This isn’t a super fast paced book, or an action thriller,  but the speed and intensity comes into play with how fast their ideas and theories take shape, and how fast that information can be shared with others who can put it to good use. Bear fully fleshes out the three main characters Kaye, Christopher, and Mitch, introducing other supportive characters as needed, and educates the reader about genetics and biology through conversation between characters instead of through infodumping.  Bear writes in a way that makes complicated science and biology accessible to any reader. You can go into this book with zero knowledge of genetics, biology, and how diseases work, and come out of it with just enough knowledge to be a bit dangerous.  Don’t get me wrong, this is a science heavy, hard science fiction thriller. But Bear also subtly deals with grief, scientific academia, mob mentalities, and what we talk about when we talk about evolution.

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2015-04-05 20.33.31The Gabble and Other Stories, by Neal Asher (short story collection)

published 2008, Night Shade Edition published 2015

where it got it: received review copy from Night Shade Books (thanks!)

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My first Neal Asher novel was The Skinner, an edgy  space opera that I’ve lovingly described as “magnificently disgusting”.  In that novel, the name of the game is adapt or die, and the denizens of the planet Spatterjay take full advantage of evolutionary opportunities. Even visitors who stick around long enough can watch their bodies change into something not quite human.  The Skinner made me an instant fan of Asher, and I’ve been watching for his titles ever since.

Many of Asher’s novels take place in his Polity Universe, which in a similar fashion to Banks’ Culture novels,  the novels all take place in the same universe, and occasionally characters from one book show up or are mentioned in another, but you can generally jump around in the order the books were published.   Not sure Asher is for you? Not sure you want to dive into a new universe? The Gabble, a short story collection of stores from the Polity will answer both of those questions for you.  If you ask me, you can just answer those two questions with a resounding Yes and be done with it.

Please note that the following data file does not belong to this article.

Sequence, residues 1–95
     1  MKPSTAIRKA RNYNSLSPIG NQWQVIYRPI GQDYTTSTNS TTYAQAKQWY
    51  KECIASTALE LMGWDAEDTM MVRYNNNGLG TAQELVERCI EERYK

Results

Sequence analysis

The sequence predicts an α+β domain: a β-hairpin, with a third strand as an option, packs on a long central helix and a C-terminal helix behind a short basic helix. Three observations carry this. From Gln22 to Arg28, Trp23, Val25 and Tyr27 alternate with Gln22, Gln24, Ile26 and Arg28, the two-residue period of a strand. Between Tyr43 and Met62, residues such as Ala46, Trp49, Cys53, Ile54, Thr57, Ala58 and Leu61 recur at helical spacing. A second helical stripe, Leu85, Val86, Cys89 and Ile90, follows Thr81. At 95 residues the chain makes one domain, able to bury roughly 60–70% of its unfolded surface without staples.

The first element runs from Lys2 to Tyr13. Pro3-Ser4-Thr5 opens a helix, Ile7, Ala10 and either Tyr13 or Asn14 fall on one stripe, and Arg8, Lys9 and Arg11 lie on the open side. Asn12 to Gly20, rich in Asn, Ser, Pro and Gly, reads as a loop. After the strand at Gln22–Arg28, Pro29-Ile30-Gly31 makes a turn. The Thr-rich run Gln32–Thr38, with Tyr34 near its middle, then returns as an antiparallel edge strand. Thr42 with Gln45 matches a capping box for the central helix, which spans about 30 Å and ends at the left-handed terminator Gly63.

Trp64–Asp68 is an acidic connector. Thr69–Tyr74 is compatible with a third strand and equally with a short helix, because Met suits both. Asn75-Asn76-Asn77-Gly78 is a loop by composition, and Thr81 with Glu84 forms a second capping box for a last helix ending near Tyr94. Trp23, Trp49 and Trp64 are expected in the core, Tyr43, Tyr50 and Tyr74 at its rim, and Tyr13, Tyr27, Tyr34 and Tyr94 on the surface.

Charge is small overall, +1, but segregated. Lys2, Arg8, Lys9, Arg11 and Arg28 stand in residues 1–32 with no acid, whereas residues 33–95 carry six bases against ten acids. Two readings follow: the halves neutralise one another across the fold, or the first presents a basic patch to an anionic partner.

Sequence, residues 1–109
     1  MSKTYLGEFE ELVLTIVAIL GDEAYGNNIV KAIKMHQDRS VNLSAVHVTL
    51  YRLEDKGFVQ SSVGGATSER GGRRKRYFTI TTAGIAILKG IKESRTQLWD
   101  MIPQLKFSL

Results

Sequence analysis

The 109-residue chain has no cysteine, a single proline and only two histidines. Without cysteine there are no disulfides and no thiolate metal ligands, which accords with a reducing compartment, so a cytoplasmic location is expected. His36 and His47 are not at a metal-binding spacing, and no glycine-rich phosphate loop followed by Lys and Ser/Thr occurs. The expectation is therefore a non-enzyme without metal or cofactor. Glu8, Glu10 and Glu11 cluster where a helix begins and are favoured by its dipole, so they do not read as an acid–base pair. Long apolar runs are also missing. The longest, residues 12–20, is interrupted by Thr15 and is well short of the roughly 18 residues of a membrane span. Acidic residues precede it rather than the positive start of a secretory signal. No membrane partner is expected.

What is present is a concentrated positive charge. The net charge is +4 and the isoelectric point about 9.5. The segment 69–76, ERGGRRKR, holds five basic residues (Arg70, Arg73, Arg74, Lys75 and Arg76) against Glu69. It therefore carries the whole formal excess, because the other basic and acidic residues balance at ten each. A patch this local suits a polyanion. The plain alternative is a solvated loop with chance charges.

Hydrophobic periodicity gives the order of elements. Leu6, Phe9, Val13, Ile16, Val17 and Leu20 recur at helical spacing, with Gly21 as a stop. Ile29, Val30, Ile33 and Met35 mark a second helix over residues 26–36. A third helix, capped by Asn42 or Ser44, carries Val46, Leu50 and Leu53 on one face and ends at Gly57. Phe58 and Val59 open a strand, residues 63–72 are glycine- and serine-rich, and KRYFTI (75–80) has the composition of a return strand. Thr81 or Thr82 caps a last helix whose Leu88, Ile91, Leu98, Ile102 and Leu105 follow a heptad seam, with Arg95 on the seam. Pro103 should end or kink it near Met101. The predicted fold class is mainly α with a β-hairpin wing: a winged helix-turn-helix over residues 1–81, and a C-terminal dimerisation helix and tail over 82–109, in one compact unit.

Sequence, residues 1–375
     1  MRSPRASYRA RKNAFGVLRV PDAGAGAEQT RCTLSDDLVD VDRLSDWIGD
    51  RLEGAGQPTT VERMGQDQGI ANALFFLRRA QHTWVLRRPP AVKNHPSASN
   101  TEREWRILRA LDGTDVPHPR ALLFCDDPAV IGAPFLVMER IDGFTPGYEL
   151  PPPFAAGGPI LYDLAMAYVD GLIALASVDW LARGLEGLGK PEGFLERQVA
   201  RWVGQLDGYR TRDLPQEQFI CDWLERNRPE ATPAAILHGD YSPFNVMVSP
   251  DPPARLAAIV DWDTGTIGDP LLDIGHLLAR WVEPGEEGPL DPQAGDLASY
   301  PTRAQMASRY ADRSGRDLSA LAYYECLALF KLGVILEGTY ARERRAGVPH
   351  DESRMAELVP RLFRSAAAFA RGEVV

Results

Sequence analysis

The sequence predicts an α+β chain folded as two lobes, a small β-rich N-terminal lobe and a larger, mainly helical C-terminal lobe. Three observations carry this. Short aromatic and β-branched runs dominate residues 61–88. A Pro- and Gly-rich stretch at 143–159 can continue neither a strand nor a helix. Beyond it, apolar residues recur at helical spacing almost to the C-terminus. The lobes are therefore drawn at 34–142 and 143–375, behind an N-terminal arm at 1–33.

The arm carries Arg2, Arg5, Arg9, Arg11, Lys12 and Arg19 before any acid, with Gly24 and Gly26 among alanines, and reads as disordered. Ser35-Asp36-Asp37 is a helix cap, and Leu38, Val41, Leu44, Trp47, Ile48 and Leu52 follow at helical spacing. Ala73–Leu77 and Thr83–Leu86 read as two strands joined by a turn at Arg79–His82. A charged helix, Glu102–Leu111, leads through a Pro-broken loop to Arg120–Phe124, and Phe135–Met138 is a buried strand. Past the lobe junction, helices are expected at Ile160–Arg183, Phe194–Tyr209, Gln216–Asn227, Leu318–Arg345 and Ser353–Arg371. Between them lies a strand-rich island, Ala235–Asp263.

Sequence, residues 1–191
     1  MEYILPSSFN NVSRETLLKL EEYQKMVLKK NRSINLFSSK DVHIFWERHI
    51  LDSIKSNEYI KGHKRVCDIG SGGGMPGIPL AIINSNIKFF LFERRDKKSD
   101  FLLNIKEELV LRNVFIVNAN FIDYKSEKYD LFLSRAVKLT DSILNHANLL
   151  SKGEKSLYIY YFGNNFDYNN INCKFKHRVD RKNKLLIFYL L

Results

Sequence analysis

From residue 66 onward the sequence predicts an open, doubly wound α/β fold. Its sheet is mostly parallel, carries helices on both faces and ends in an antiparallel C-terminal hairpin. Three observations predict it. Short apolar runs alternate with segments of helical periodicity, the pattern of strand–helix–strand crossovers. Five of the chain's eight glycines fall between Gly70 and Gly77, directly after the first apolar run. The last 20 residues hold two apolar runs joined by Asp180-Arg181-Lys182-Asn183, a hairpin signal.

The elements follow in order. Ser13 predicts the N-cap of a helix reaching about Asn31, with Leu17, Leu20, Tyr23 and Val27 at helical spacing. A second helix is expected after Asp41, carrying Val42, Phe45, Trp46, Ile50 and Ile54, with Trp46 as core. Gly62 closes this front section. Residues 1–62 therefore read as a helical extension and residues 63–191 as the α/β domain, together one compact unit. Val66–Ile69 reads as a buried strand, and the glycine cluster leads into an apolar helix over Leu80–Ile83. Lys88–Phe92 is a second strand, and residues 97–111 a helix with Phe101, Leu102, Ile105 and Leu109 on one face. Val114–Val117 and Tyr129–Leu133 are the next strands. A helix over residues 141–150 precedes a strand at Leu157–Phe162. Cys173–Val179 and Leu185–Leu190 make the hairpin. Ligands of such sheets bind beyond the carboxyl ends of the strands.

What I loved about how Asher does alien planets and aliens is that everything is so damn alien. Why should aliens have two arms, two legs, a head, a nose and a mouth? If that configuration is unique to Earth, it follows that every planet will have a unique configuration based on evolutionary needs, the planet’s unique environs, and any one of a million other variables in how life works. No one we run into is going to look like us, think like us, or communicate like us. There is no gentleness here, no Star Trek style diplomacy.  Some species simply do not communicate with others, and humans are quite tasty.  It might sound harsh, but this is how nature works.   When it comes down to it, we are just animals in a food chain.

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stableford FloriansThe Florians, by Brian Stableford

published in 1976

where I got it: purchased used

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Back in January of 2013, Susan of Dab of Darkness wrote a guest post about the works of Brian Stableford, and I’ve been looking for a copy of The Florians ever since. And I eventually found one!

 

Once upon in the future, Earth was able to send out colony ships with the idea that as they sent back confirmation of habitable planets, we would sent out more colonists. Habitable planets found or not, shortly after the ships were sent out, the project was cancelled for economic reasons. We never set out more ships, we never tried to reach our colonists, and couldn’t afford to worry if they had survived or not.  There are those who want to completely cancel all space programs. Many people want us to work on solving problems on Earth (pollution, over population, disease, etc) before spending money we don’t have on outer space missions with no guarantee.

 

However, limited funding has made a few ships available to contact colonies.  Alexis Alexander is a member of the small crew of the Daedelus, on a mission to connect with as many surviving colonies as possible. The ship won’t bring supplies or food or anything like that, only the medical lab on board, and the ecological, biological, and medical expertise of Alexis and his crewmates. All they can do is help the colonists adapt to their new worlds, help them fight off diseases. Even if the colonists don’t meet intelligent life forms, they will still be breathing alien air, be interacting with alien soil and microbes and such.

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species imperative big

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Thanks to Julie Czerneda’s publishers, I’ve got a copy of the Species Imperative Omnibus to give away to one lucky reader!  Scroll to the bottom of this post for more information on the give away.

RegenerationRegeneration (Species Imperative #3) by Julie Czerneda

published in 2006

where I got it: purchased used